right product, so you couldn't expect any reasonable results anyway.

Dec 20 '06 #3

P: n/a

Jeff wrote:
Hello

Does anyone know why the following loops don't give the same results

for(k=0; k<size; k+=2){
*pSum+=((*pa1++)+(*pb2--))*((*pa1++)+(*pb2++));
This line invokes undefined behavior because you are trying to modify
an object more than once between sequence points. Since the behavior
is explicitly undefined, there is no correct result.

See the following:

http://www.c-faq.com/expr/evalorder1.html
http://www.c-faq.com/expr/evalorder2.html

You're relying on two mistaken assumptions: first, that the expressions
are evaluated in the order that they are written, and second, that the
side effects of the ++ and -- operators are applied immediately after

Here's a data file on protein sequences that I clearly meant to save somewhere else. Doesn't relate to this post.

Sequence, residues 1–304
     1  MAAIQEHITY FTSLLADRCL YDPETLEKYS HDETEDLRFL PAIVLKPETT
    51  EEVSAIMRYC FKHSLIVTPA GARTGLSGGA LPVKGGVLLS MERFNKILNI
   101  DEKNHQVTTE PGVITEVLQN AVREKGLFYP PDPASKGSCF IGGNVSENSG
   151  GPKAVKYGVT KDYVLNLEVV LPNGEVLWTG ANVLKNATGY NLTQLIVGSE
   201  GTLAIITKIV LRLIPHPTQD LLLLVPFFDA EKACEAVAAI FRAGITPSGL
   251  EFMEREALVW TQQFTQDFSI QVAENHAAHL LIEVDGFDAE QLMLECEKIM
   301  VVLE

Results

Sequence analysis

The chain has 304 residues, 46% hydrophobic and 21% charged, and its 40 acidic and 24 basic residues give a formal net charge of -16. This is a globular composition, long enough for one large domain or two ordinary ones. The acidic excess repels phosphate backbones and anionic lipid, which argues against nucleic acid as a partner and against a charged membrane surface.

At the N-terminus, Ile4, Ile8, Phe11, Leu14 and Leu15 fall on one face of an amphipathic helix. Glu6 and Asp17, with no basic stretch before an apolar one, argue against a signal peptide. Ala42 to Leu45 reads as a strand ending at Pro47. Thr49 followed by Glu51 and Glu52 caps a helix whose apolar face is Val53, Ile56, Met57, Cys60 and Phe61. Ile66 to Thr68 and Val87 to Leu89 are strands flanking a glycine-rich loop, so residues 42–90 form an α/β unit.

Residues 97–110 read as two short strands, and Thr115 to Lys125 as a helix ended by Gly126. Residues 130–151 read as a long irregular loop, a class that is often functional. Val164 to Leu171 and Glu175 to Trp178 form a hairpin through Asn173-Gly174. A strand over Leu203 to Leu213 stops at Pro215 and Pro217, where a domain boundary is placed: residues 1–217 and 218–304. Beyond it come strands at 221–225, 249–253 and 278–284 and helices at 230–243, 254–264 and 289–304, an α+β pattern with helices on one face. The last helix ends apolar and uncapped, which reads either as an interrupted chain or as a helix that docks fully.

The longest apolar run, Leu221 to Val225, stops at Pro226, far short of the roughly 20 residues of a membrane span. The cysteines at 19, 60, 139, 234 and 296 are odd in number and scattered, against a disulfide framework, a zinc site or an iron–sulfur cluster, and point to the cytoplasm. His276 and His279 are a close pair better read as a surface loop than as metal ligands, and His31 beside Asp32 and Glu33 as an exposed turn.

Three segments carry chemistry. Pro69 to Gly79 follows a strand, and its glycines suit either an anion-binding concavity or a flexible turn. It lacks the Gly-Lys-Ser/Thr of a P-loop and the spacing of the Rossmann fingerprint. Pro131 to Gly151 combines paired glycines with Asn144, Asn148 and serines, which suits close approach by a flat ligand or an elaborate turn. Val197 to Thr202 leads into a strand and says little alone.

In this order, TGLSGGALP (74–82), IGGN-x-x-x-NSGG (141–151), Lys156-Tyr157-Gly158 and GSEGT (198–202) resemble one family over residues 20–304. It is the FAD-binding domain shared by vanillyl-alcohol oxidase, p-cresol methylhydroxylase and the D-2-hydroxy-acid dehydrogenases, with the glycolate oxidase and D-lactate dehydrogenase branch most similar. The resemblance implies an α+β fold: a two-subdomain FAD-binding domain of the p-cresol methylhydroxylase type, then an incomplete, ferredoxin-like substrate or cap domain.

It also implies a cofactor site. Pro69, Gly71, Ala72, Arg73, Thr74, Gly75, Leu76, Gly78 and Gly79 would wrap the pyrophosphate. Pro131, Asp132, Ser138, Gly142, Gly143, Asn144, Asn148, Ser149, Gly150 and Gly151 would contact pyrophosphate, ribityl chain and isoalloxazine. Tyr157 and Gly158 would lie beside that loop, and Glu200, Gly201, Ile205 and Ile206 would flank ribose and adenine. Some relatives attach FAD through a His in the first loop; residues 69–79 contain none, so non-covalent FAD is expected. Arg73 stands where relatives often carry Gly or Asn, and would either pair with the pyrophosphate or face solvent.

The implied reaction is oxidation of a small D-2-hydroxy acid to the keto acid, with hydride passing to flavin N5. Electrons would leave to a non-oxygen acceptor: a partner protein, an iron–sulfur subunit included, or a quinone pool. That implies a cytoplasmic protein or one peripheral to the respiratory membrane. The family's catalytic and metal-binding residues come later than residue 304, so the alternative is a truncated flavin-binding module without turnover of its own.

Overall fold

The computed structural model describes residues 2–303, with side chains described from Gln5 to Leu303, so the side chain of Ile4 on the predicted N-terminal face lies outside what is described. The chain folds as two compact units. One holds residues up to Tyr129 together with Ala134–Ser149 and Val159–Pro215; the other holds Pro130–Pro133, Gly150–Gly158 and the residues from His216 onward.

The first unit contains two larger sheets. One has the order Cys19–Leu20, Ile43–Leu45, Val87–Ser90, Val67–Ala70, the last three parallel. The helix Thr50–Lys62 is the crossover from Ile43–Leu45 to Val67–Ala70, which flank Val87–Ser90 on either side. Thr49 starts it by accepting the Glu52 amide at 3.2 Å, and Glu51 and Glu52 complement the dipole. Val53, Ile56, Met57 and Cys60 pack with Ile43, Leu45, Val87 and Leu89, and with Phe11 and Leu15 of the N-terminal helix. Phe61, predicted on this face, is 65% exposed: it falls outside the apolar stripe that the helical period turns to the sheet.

each expression has been evaluated.

There is no guarantee that *pb2-- is evaluated before *pb2++, nor is
there a guarantee that the side effect of either expression is applied
before the other one is evaluated.
pb2++;
}

and

for(k=0; k<size; k+=2)
*pSum+=(pa1[k]+pb2[k])*(pa2[k]+pb1[k]);
where we start with
pa2 = pa1+1;
pb2 = pb1+1;

k is even and we are definitely not stepping out of bounds

Is this a compiler error or an error on my part?

The first loop is a little faster but unfortunately gives the wrong results.
(Can anyone suggest a faster way?)

Thanks
Jeff
Dec 20 '06 #4

P: n/a
Jeff wrote:
Hello

Does anyone know why the following loops don't give the same results

for(k=0; k<size; k+=2){
*pSum+=((*pa1++)+(*pb2--))*((*pa1++)+(*pb2++));
^^^^^^^^^^^^^^^^^^^^^^^^^^^^^^^^^^^^
Oh, Puh-leeze! Can't you check the FAQ before posting. Or you could
check your basic C text on sequence points. Or any of the hundreds of